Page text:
PowerShell offers a variety of math functions you can use in your scripts. In this post, I introduce PowerShell's basic math functions.

Baki Onur Okutucu

Onur is a subject matter expert for Office 365, Azure, and PowerShell technologies. He is the founder of Clouderz Ltd, a cloud consultancy based in London. For eight years in a row, Microsoft has recognized him as a Most Valuable Professional. You can follow Onur on Twitter: @BakiOnur.

Basic calculations ^

It is convenient using PowerShell for your everyday calculation tasks. You don't need any variables to play with four basic math operations. Just put in the numbers and let PowerShell do the math!

Four operations with PowerShell

Four operations with PowerShell

If you wish, you can also use variables, which is much easier when it comes to multiple complex operations. PowerShell supports a number of variable types such as String, DateTime, and Integer. Whenever you put a number in a variable, it automatically becomes an integer variable.

PowerShell converts numbers to integers

PowerShell converts numbers to integers

You can then apply the basic math operations with the same syntax you learned in school.

Using variables for calculations

Using variables for calculations

Obviously, PowerShell does not only provide the four basic operations, but it also provides a wide range of functions you can use in various operations.

PowerShell math library ^

PowerShell uses the [System.Math] library, which consists of many mathematical functions and methods. You can list all methods this library offers with the following commands:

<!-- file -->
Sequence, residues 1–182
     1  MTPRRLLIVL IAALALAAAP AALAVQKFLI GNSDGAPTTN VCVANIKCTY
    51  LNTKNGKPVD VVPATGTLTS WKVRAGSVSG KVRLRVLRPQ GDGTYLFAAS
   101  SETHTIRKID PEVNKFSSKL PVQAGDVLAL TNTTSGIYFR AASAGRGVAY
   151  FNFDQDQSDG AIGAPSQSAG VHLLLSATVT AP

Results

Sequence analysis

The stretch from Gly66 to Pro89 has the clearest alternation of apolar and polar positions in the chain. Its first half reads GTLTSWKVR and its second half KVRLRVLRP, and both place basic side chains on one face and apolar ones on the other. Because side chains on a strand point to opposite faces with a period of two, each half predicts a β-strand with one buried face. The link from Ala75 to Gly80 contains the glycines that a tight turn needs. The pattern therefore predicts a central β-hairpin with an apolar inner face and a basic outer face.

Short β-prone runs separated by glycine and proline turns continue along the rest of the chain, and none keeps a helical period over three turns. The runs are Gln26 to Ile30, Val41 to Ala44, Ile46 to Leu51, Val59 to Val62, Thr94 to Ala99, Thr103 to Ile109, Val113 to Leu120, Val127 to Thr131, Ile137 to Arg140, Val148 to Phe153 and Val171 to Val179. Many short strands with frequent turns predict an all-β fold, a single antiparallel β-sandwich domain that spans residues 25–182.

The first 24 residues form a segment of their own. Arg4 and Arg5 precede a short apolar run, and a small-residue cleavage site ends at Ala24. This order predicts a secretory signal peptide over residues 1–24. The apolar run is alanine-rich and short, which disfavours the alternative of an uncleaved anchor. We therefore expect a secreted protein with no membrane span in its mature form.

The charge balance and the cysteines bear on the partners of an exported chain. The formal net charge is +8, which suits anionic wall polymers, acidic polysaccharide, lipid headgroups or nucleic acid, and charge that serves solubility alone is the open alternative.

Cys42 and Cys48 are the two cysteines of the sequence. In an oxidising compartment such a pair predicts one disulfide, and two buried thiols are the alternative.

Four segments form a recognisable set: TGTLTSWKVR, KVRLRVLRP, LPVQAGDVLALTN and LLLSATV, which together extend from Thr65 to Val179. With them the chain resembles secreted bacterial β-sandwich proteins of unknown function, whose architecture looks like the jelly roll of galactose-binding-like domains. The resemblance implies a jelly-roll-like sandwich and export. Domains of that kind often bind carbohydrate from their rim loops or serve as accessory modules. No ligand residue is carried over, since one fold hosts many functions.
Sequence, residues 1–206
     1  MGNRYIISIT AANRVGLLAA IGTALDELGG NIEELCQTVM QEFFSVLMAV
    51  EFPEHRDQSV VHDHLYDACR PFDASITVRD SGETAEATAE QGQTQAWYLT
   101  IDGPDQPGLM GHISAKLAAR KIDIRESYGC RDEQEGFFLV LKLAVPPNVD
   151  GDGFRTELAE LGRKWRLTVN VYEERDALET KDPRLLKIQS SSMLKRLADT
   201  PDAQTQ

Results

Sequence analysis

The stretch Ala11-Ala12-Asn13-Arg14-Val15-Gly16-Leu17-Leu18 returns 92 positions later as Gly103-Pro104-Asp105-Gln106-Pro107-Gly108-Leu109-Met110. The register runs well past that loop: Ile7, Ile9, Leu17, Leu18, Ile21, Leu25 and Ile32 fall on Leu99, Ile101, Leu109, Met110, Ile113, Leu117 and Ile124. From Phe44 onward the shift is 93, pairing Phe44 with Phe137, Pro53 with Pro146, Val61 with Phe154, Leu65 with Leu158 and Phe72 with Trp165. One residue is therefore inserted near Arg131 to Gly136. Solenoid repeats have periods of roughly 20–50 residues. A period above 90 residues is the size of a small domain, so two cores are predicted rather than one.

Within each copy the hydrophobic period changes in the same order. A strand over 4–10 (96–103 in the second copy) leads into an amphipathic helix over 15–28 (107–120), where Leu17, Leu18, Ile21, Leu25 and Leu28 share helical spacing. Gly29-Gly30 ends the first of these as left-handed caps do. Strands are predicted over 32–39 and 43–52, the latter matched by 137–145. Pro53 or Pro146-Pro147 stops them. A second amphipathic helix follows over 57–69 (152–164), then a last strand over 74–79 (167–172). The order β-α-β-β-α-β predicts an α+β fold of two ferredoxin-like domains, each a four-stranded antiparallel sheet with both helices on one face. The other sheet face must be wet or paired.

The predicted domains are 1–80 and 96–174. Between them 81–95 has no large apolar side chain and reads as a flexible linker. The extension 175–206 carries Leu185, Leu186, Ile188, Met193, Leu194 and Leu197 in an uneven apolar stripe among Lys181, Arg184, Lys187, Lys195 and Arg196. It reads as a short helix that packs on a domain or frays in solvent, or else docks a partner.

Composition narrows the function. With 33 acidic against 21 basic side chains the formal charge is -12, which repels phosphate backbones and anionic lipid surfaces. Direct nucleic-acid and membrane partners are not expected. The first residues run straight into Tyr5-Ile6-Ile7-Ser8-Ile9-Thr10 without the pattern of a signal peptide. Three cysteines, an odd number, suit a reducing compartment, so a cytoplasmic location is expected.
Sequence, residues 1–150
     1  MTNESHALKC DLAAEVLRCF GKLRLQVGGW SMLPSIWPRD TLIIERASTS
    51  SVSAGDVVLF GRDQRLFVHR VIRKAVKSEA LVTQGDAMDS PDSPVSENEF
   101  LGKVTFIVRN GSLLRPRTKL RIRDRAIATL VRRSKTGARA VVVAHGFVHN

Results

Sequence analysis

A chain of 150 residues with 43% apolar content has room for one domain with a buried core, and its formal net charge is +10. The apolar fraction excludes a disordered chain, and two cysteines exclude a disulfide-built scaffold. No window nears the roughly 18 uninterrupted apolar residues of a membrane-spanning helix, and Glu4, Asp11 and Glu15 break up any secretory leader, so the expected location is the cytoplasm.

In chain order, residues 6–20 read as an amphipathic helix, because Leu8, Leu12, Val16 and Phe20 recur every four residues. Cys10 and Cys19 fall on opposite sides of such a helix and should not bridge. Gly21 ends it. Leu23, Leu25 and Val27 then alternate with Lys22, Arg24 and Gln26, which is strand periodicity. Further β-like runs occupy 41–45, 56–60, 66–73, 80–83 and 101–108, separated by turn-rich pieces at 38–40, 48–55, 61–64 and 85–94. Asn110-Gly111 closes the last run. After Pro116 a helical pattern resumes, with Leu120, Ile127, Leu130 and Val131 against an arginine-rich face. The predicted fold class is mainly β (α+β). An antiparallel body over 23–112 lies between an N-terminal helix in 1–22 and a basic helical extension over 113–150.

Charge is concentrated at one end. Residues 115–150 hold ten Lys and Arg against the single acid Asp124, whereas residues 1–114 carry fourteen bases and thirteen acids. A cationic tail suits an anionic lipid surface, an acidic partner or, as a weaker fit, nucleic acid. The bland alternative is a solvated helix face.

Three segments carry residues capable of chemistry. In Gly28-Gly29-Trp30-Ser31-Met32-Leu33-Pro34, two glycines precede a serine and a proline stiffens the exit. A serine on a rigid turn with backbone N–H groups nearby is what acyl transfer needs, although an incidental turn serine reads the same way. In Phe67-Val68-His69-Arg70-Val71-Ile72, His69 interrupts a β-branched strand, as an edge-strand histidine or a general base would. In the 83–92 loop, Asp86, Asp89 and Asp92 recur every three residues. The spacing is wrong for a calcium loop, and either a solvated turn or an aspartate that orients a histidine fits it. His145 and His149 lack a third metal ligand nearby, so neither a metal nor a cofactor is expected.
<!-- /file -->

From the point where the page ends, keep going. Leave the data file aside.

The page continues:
PowerShell [System.Math] library

PowerShell [System.Math] library

There are also two static properties, which are pi and E (epsilon) constants. The syntax to access the value of these constants is quite straightforward:

pi

e

Pi and Epsilon constants

Pi and Epsilon constants

Important PowerShell math methods ^

Let's see the other useful functions that can make your life easier when doing math in PowerShell.

Round

Use this for rounding off numbers to the nearest decimal value.

Round function

Round function

Square root

 To calculate the square root of a number, you can use this command:

Square root function

Square root function

Powers

If you have to calculate the power of a base number with a certain exponent, you can use the next command. In my example, 6 is the base and 2 the exponent.

Powers function

Powers function

Absolute value

 The absolute value of a number is its non-negative value without regard to its sign.

Absolute value function

Absolute value function

Trigonometric functions

Trigonometric functions apply to calculations related to angles. I suppose you remember them well from school.

Sine

Cosine

Tangent

Trigonometric functions

Trigonometric functions

Logarithm

Logarithm is a function used to reverse the operation of exponentiation. For example, when the third power of 10 equals 1000, the logarithm of 1000 with respect to base 10 is 3.

Logarithm function

Logarithm function

Data units

PowerShell allows you to convert the size of data units (KB, MB, GB, TB, and PB). The syntax is quite straightforward:, 1KB, 1MB, 1GB, 1TB, 1PB.

Size of data units

Size of data units

A math example ^

Let's calculate the area of a circle using PowerShell. This is the formula to calculate the area:

A=πr2

The area of a circle

The area of a circle

In PowerShell, the calculation looks like this:

Calculating the area of a circle in PowerShell

Calculating the area of a circle in PowerShell

In the example, the radius of the area is 2.

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